Herald Explorations in the Florida Wilderness
We print today an interesting letter and special dispatch from our correspondent in charge of the Herald explorations in the wilds of Florida, describing his progress and discoveries. A vast area of the peninsula has been, up to the present, a terra incognita civilized man, and the utmost exertions of explorers have hitherto failed to lift the veil of mystery that has hung over that strange land. Since the days of Ponce de Leon, who sought on the shores of the “Land of Flowers” the mystical fountains of perpetual youth, the utmost interest has been manifested in determining the physical character of Florida.
But few have been tempted to brave the terrors that were found to surround investigation, and explorations were limited to the coast line territory, which proved, with the exception of the northern sections, to be the only habitable portion of the State. Now, however, there is a prospect that we will become acquainted with the nature of the interior – its vast swamps, mysterious rivers, great forests, and even the ancient monuments left by the long extinct races that peopled its area.
During the Florida war, when the dusky warriors of Osceola fought so stoutly against their white enemies, scattered posts were established by the United States Army for the purpose of maintaining communications between the occupied districts, but many of these have long ago lost every vestige of interest except that attaching to their names in connection with sanguinary combats between civilization and barbarism.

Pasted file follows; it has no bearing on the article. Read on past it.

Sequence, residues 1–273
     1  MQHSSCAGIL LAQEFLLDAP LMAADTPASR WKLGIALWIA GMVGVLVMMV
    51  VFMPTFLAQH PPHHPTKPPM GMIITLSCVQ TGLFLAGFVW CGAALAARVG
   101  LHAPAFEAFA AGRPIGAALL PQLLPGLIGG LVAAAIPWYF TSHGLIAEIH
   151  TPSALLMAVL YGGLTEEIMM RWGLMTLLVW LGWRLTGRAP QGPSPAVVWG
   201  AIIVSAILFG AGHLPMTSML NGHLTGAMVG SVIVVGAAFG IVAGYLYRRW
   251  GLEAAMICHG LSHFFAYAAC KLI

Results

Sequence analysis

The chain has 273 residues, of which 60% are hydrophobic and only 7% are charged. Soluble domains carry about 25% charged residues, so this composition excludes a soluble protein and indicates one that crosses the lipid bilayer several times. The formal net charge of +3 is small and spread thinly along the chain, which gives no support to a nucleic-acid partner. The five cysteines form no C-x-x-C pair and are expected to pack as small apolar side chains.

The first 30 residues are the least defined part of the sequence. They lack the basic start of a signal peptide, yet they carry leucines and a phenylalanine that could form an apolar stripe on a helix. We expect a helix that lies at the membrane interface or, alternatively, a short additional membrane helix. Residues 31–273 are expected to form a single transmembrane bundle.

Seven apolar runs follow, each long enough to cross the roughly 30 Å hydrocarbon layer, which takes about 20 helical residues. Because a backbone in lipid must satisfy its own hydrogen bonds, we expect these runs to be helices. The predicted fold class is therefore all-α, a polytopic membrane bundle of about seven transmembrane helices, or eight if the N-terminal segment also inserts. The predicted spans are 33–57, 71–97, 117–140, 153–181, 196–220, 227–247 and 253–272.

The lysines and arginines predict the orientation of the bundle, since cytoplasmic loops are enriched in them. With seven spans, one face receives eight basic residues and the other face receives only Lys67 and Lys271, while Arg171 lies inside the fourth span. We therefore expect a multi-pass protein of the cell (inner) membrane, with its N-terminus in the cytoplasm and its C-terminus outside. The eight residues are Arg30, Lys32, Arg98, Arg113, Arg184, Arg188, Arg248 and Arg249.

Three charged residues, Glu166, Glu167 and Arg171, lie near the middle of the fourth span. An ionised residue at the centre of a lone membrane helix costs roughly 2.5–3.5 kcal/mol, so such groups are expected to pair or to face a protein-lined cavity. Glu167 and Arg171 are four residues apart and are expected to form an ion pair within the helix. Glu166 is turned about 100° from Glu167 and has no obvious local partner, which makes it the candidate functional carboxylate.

Following the direction marked by a singular column of smoke which was observed by our correspondent to rise from some unknown source in the interior the Herald expedition plunged into the wilderness of vegetation that clothes the country, and succeeded, after much exertion and wading through deep water, in reaching an island or elevated ground surrounded by swamps.
There were discovered some strange and rudely carved masses of stone, evidently erected by a prehistoric race as idols. With a description of these we also find that of the “sinks,” or singular points of disappearance of the rivers where they enter on subterranean courses to reappear again in other places. The dark haunts of the alligator and venomous snakes, the bear, the panther and the deer are graphically described by our correspondent, who is determined to prosecute his explorations until Florida gives up the secrets of her “Everglades,” rivers and forests to the readers of the Herald.
- New York Daily Herald (New York, New York) 10 Feb 1877
Marsanne Petty conducts historical research about 18th century southern United States and environmental history. To get more great updates and original history, sign up at The Southern Sage. To get her to help you with your own research project, email mapetty[at]gmail.com.